I honestly don’t think nudity in public as a lifestyle choice is ever going to happen. It will always be under a certain level privacy whether it’s a closed club, business such as ‘Nude House’ or someone’s home and I think that’s just the way it is. Because people’s reactions to nudity aren’t going to change.
I found a question on Yahoo Answers from a woman naked Danielle who suggested an optional ‘Naked Day’ at work could be quite fun. The responses were saddening. One responder described a naked day at the office as being ‘embarrassing, inconvenient, humiliating and just pointless’. Others said they didn’t want to see their coworkers even partially unclothed and someone suggested it would just be full of fat old men.
Until you can deal with this sort of attitude you will be struggling. And I don’t think you can challenge people with these attitudes. Because you cannot force people to understand what nudity is really about. They have to understand it for themselves.
This year has been good for finding naturist friends in our own age groups. We had already met a lovely couple at our local swim last year and our friendship has thankfully endured. But thanks to Twitter, WordPress and Facebook it’s been a productive year and we’ve met a number of singles and couples in their 20s and 30s for swims, skinny dips and beach visits. It makes me excited about the future and who else we might find along the way.
But it’s taken work. People don’t just appear from nowhere and being where we are in the country, many people and locations are not within convenient traveling distances. I’ve spent hours on the internet, blogging and promoting, posting messages on Facebook, we’ve driven hours to events, put people up at our house and endured cold conditions for skinny dips. All worth it of course.
But now that it’s September autumn, and cooler weather, will quickly follow. We were hoping to get in another beach visit before the end of the year, but the unpredictability of the weather has made organising group events very tricky, especially when others have to travel so far to get to our nearest coast line in the Midlands.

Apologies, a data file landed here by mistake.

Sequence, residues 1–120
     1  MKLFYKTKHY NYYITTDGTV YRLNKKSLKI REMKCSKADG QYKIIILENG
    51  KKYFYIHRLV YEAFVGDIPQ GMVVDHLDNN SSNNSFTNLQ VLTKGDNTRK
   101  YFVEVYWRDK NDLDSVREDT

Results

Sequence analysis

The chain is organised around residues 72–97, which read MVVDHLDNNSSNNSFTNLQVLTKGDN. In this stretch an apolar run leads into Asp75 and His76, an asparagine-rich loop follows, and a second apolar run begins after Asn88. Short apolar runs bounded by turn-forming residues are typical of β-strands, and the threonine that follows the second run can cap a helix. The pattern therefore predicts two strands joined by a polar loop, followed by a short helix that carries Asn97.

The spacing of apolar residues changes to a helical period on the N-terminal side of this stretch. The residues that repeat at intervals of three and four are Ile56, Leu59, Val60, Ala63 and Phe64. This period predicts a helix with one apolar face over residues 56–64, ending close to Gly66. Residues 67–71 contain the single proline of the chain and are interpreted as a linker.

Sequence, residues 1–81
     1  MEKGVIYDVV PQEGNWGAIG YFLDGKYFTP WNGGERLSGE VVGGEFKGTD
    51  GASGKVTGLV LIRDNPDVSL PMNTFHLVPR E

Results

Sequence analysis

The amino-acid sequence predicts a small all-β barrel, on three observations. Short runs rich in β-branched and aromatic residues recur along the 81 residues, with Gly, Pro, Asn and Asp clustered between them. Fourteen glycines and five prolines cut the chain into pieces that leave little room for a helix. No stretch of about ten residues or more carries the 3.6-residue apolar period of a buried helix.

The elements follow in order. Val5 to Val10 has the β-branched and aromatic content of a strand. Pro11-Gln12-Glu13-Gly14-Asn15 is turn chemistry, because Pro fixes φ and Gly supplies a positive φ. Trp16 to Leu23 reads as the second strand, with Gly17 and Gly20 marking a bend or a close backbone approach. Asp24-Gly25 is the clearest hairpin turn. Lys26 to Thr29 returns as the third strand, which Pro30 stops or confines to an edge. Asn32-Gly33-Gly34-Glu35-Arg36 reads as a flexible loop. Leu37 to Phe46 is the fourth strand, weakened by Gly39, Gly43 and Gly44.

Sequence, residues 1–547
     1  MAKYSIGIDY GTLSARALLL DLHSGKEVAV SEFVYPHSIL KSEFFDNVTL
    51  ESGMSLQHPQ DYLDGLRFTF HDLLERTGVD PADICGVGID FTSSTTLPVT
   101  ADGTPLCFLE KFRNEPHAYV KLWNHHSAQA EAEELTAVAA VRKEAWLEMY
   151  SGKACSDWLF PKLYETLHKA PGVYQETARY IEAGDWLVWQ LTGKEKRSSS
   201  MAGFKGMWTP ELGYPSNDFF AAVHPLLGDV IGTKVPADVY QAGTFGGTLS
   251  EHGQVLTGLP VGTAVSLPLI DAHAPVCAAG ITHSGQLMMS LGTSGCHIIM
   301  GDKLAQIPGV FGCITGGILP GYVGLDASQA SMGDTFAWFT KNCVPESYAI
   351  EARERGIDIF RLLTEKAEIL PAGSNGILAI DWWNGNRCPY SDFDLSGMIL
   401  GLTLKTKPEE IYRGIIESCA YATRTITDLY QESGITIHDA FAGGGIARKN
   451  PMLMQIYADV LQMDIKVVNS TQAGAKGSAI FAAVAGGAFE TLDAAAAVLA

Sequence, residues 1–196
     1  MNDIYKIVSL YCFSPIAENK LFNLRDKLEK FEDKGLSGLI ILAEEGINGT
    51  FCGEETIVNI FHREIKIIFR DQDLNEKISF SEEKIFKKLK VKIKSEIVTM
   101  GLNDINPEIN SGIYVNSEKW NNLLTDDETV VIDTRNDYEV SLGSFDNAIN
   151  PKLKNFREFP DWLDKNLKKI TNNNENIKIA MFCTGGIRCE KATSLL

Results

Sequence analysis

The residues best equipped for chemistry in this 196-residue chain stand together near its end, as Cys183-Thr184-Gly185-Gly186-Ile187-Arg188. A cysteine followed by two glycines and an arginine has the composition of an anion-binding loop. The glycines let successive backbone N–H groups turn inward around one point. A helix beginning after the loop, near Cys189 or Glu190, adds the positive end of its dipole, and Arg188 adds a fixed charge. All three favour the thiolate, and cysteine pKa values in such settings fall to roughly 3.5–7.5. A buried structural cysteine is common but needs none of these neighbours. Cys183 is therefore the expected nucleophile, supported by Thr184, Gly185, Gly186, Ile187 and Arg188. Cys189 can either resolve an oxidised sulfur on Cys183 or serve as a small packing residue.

Our main focus of attention over the following months will probably be our local swim at Sleaford which is always accommodating to accompanied guests. We have been housed in a temporary pool for the last year whilst our regular location has been undergoing a total refurbishment and we’re all excited about going back there permanently in late October.
Additionally, living conditions have changed and my partner and I now have a parent and housemate free house so being naked is no longer a novelty or a special treat. There’s also the added perk of a hot tub and a secluded garden so really we are well set up here. Swims therefore, are going to be less of an opportunity to get naked and more of a social experience and a chance to meet new people we might invite to our home once we have got to know them. We always take great care when meeting new people and I think we should all be mindful of protecting ourselves in the first instance.
There’s no doubt that if you want to find people, you have to do the leg work. And if you want to keep your local naturist community alive you have to join in to keep things going. Sometimes it’s very tempting to just sit back at home and get on with your own life. But trying new things with other people and particularly if you are introducing new people to naturism or just staying in contact with friends further afield is a valuable and useful task.